Samford math faculty are active researchers, and several of them presented their work at the virtual Fall Southeastern Sectional Meeting of the American Mathematical Society in November.
Assistant Professor Kwadwo Antwi-Fordjour gave invited presentations in two special sessions. "A remark on 'Global dynamics of tritrophic food chain model subject to the Allee effects in the prey population with sexually reproductive generalized-type top predator'" was presented in the session on Mathematical Studies of Biological and Ecological Systems. In this talk, Antwi-Fordjour and his collaborators showed that there is no boundedness for the system as claimed by Debnath et al. (2019) and hence the system is not dissipative. Antwi-Fordjour and his collaborators also derived a new extinction boundary for the system. Also, during the special session on Research in Mathematics by Undergraduates, Antwi-Fordjour presented "Fear-driven extinction and (de)stabilization in a predator-prey model incorporating prey herd behavior and mutual interference". Two undergraduates were involved in this research. In this research, it was shown (analytically and numerically) that the fear of predation risk excited by predators can drive a stable prey population species to extinction in finite time. This study is a useful tool in resource management and control.
Assistant Professor Mingwei Sun gave a presentation in a contributed paper session titled "A Principle-Weighted Penalized Regression Model and its Application". He described the new approach of building a model of high-dimensional data that retains the features of the Principal Component Analysis method and does variable selection and regression coefficients estimation simultaneously. He also showed an example of the method applied in economic modeling, which proves preferred performance of the new approach compared with traditional methods.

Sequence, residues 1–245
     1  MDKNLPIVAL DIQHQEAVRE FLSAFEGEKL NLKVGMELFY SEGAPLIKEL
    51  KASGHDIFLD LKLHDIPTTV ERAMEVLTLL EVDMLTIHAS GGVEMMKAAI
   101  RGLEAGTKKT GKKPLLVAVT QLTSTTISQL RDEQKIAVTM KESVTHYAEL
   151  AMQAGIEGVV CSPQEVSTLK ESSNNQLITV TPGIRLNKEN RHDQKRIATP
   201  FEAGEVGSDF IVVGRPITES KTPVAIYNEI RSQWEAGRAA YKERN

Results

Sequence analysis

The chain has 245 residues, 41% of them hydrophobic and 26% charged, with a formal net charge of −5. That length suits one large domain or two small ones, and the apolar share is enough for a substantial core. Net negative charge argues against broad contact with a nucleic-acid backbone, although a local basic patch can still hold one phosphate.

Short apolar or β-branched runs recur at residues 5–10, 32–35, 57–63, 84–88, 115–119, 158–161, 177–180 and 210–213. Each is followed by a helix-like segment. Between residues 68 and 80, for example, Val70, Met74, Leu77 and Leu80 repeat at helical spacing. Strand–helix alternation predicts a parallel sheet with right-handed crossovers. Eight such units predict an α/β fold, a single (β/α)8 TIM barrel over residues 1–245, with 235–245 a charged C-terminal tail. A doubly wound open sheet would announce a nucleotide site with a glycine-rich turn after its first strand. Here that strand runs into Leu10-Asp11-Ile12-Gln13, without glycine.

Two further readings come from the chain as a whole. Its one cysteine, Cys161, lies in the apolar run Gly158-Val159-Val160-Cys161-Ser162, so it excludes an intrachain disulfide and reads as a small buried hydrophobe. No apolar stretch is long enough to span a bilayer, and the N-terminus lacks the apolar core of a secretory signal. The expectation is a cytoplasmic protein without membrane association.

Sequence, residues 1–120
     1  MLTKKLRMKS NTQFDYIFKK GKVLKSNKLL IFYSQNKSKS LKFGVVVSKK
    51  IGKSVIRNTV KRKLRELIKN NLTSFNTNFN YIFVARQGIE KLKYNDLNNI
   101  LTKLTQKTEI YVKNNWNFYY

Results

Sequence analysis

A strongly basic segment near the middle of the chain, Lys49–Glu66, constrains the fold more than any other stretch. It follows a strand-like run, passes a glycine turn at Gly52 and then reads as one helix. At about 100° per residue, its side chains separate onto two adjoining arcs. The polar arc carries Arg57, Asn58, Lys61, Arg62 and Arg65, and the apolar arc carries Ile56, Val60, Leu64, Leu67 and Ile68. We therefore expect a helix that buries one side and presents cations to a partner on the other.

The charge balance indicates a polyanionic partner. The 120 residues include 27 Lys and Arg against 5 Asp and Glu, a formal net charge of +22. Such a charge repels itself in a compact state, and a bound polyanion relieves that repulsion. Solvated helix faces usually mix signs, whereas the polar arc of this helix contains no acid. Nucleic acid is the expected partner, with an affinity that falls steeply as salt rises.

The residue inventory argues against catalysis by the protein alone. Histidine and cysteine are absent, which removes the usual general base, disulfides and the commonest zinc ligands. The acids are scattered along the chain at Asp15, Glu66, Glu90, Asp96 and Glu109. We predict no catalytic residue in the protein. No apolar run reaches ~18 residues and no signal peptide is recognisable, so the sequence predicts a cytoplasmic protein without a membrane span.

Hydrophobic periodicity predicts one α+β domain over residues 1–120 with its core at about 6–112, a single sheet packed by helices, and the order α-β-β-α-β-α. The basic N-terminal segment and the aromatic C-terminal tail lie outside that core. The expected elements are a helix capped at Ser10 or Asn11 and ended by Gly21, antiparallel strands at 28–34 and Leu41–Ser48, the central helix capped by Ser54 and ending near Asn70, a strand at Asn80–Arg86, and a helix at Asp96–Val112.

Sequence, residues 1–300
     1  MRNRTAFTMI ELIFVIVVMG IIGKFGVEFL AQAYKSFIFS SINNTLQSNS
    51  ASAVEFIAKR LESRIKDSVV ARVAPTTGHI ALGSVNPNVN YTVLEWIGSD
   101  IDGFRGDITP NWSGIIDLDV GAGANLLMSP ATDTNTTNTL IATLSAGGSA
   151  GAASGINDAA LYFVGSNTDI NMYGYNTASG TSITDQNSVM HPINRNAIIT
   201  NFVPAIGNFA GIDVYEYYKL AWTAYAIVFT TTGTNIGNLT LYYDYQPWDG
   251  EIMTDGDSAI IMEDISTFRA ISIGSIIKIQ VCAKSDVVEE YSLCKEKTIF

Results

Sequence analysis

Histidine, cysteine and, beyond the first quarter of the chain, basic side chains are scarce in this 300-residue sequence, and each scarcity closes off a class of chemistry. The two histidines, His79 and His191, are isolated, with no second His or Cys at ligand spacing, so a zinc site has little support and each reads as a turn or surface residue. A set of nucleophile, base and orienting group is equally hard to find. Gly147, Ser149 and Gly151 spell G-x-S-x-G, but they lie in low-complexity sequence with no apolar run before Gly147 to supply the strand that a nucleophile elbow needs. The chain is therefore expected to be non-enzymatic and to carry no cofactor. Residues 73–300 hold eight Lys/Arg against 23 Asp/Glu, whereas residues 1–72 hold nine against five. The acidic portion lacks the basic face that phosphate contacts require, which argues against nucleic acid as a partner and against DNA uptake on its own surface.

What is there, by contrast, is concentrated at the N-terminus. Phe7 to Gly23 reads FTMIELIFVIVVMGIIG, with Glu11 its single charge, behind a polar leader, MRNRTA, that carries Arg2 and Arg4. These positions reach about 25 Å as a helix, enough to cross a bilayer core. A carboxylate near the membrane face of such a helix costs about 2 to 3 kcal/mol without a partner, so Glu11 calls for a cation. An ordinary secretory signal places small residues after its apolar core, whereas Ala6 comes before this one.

Associate Professor Frank Patane co-organized the AMS special session on Research in Mathematics by Undergraduates, along with two other math faculty from Alabama. He commented: "We began discussing the idea of hosting a special session since we knew several faculty who were incredibly active with their undergraduate research programs, and we wanted to learn new methods to bring to our home institutions." The session was well attended, and hosted a total of 12 talks with speakers from around the country.
Professor and Chair Chad Awtrey gave an invited presentation, "Power compositional sextic polynomials and their Galois groups," in the special session on Research in Mathematics by Undergraduates. In addition to describing his approach to mentoring student research, Awtrey discussed two of his recent projects with undergraduates, both of which developed theory and computational techniques concerning symmetry properties of solutions of polynomial equations. This work generalizes several results contained in previously published articles.